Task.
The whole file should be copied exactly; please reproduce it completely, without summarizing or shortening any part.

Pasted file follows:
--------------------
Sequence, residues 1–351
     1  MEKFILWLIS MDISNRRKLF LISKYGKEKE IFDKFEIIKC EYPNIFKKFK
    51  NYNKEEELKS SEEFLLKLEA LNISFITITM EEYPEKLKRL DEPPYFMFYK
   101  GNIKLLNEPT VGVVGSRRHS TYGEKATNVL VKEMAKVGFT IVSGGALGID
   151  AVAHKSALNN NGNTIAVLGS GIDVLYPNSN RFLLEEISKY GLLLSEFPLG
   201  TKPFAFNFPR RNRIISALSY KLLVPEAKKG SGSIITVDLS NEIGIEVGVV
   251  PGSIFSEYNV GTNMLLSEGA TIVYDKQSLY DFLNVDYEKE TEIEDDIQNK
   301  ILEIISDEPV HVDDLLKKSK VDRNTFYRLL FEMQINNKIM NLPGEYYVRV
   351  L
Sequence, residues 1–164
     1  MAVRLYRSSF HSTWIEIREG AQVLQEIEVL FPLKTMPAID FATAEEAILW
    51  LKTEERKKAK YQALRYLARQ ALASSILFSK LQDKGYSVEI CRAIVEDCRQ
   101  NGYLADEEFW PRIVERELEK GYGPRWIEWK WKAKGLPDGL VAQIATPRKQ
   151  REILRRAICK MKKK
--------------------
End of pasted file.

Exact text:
Sequence, residues 1–351
     1  MEKFILWLIS MDISNRRKLF LISKYGKEKE IFDKFEIIKC EYPNIFKKFK
    51  NYNKEEELKS SEEFLLKLEA LNISFITITM EEYPEKLKRL DEPPYFMFYK
   101  GNIKLLNEPT VGVVGSRRHS TYGEKATNVL VKEMAKVGFT IVSGGALGID
   151  AVAHKSALNN NGNTIAVLGS GIDVLYPNSN RFLLEEISKY GLLLSEFPLG
   201  TKPFAFNFPR RNRIISALSY KLLVPEAKKG SGSIITVDLS NEIGIEVGVV
   251  PGSIFSEYNV GTNMLLSEGA TIVYDKQSLY DFLNVDYEKE TEIEDDIQNK
   301  ILEIISDEPV HVDDLLKKSK VDRNTFYRLL FEMQINNKIM NLPGEYYVRV
   351  L
Sequence, residues 1–164
     1  MAVRLYRSSF HSTWIEIREG AQVLQEIEVL FPLKTMPAID FATAEEAILW
    51  LKTEERKKAK YQALRYLARQ ALASSILFSK LQDKGYSVEI CRAIVEDCRQ
   101  NGYLADEEFW PRIVERELEK GYGPRWIEWK WKAKGLPDGL VAQIATPRKQ
   151  REILRRAICK MKKK